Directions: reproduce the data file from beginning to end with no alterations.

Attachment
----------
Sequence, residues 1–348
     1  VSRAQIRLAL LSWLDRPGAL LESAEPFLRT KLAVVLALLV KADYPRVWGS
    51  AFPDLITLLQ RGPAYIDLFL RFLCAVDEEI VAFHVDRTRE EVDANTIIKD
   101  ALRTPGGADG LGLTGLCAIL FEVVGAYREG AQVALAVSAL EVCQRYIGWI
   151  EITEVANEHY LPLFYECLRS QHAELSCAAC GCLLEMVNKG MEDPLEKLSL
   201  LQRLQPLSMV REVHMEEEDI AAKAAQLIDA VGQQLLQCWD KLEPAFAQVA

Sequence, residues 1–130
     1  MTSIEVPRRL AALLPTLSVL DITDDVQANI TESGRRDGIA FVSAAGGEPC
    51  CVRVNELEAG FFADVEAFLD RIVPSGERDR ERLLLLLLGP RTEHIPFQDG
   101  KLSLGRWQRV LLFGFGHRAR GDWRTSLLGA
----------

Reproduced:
Sequence, residues 1–348
     1  VSRAQIRLAL LSWLDRPGAL LESAEPFLRT KLAVVLALLV KADYPRVWGS
    51  AFPDLITLLQ RGPAYIDLFL RFLCAVDEEI VAFHVDRTRE EVDANTIIKD
   101  ALRTPGGADG LGLTGLCAIL FEVVGAYREG AQVALAVSAL EVCQRYIGWI
   151  EITEVANEHY LPLFYECLRS QHAELSCAAC GCLLEMVNKG MEDPLEKLSL
   201  LQRLQPLSMV REVHMEEEDI AAKAAQLIDA VGQQLLQCWD KLEPAFAQVA

Sequence, residues 1–130
     1  MTSIEVPRRL AALLPTLSVL DITDDVQANI TESGRRDGIA FVSAAGGEPC
    51  CVRVNELEAG FFADVEAFLD RIVPSGERDR ERLLLLLLGP RTEHIPFQDG
   101  KLSLGRWQRV LLFGFGHRAR GDWRTSLLGA